Arrow-right Camera

The Spokesman-Review Newspaper The Spokesman-Review

Monday, July 13, 2020  Spokane, Washington  Est. May 19, 1883
Clear Night 53° Clear
News >  Features

Certainly OK to eat and listen

Judith Martin

Dear Miss Manners: For several years, my significant other has said that, when a group of people are dining together, the conversation is foremost.

Therefore, she says, whenever someone starts talking, good manners dictate that everyone else should stop eating and put down their forks, and she says we should do this even if no one else does. (At least she has the good manners not to inform the others of this supposed requirement when we are dining with a group.)

I keep telling her that her idea about dining etiquette is ridiculous. If there is continuous back-and-forth conversation and everyone did as she thinks they should, nothing would get eaten and the food would eventually get cold. (The picture comes to my mind of everyone’s silverware being put on their plates in clicking unison whenever someone starts talking and being picked up again in unison when that person stops talking, with the process repeating when someone responds to the previous speaker.)

I can’t get her to understand that her idea has no basis in the rules of etiquette. Am I right in this? What say you?

Gentle Reader: Where did she get that rule? From a list headed “How to Kill a Dinner Party”?

Not only would the food grow cold, but so would the conversation. Can you imagine yourself making an amusing little observation to your dinner partner, only to look up and see all those staring, hungry eyes?

Please tell the lady that the rule forbids talking with your mouth full; it does not forbid listening with your mouth full.

Dear Miss Manners: According to my dictionary, a lady is described as: 1. originally, a woman of authority over a house or an estate, of the same rank as a lord; 2. a well-bred woman; a woman of good family or of high social position; a gentlewoman.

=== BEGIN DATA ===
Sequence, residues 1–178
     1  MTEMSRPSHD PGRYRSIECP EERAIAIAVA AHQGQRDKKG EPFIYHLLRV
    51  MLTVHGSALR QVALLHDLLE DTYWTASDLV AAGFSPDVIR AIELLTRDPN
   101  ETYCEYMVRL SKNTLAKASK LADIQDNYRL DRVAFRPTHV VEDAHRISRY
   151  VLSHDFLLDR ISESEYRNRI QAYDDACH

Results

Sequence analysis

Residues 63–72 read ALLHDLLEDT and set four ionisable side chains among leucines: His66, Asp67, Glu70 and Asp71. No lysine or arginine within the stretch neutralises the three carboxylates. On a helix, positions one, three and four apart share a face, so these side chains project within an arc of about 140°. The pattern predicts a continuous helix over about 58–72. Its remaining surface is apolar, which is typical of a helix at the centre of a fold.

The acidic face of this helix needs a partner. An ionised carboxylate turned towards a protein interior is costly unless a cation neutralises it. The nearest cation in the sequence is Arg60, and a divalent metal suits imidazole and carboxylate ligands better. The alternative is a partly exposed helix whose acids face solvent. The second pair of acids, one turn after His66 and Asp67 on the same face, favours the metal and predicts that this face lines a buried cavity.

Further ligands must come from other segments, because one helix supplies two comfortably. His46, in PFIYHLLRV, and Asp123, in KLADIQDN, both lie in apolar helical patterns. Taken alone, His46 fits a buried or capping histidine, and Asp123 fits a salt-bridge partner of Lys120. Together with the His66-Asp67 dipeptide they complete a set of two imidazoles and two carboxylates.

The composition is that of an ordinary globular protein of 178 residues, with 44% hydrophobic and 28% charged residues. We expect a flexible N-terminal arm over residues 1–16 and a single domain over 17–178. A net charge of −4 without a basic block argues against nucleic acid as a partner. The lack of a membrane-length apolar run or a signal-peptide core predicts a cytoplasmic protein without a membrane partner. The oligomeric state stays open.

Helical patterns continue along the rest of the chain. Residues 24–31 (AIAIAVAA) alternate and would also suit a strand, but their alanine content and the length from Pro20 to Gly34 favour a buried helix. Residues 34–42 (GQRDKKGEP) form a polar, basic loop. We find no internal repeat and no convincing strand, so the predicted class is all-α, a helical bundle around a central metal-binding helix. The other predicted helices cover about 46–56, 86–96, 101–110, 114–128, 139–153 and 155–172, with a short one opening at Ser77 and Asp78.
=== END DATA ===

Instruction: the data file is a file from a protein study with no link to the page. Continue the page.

Please advise me, has the definition of a “lady” changed so that a female addressed as such should be offended? Just recently, this happened in my presence. The female addressed is most certainly highly regarded – as on a pedestal (the highest respect).

Gentle Reader: But she was no lady.

Dear Miss Manners: This year I will be hosting a rather large Thanksgiving dinner for family. My sister-in-law will be bringing her boyfriend, who is vegetarian. I had planned on offering several vegetarian options, as I want him to feel welcome.

My sister-in-law informed my husband they preferred that no meat be served, but if we insisted, could we make sure not to cook meat/nonmeat items in the oven at the same time, and could we refrain from ceremoniously carving the turkey at the table? How should I handle this request?

Gentle Reader: With the firm conviction that you are graciously attending to the needs of a guest by making sure that he will have enough to eat, and need not let him take over the running of the household.

You might also suggest to your sister that Thanksgiving, with its food rituals, may not be the best holiday to which to bring the gentleman. Should he become a member of the family, Miss Manners would think your sister-in-law would want to hold family Thanksgiving at their house, where they will be in charge.

Readers may write to Miss Manners at MissManners@ unitedmedia.com.

Local journalism is essential.

The journalists of The Spokesman-Review are a part of the community. They live here. They work here. They care. You can help keep local journalism strong right now with your contribution. Thank you.

Subscribe to the Coronavirus newsletter

Get the day’s latest Coronavirus news delivered to your inbox by subscribing to our newsletter.



Swedish Thoracic Surgery: Partners in patient care

 (Courtesy Bergman Draper Oslund Udo)
Sponsored

Matt Bergman knows the pain and anger that patients with mesothelioma feel.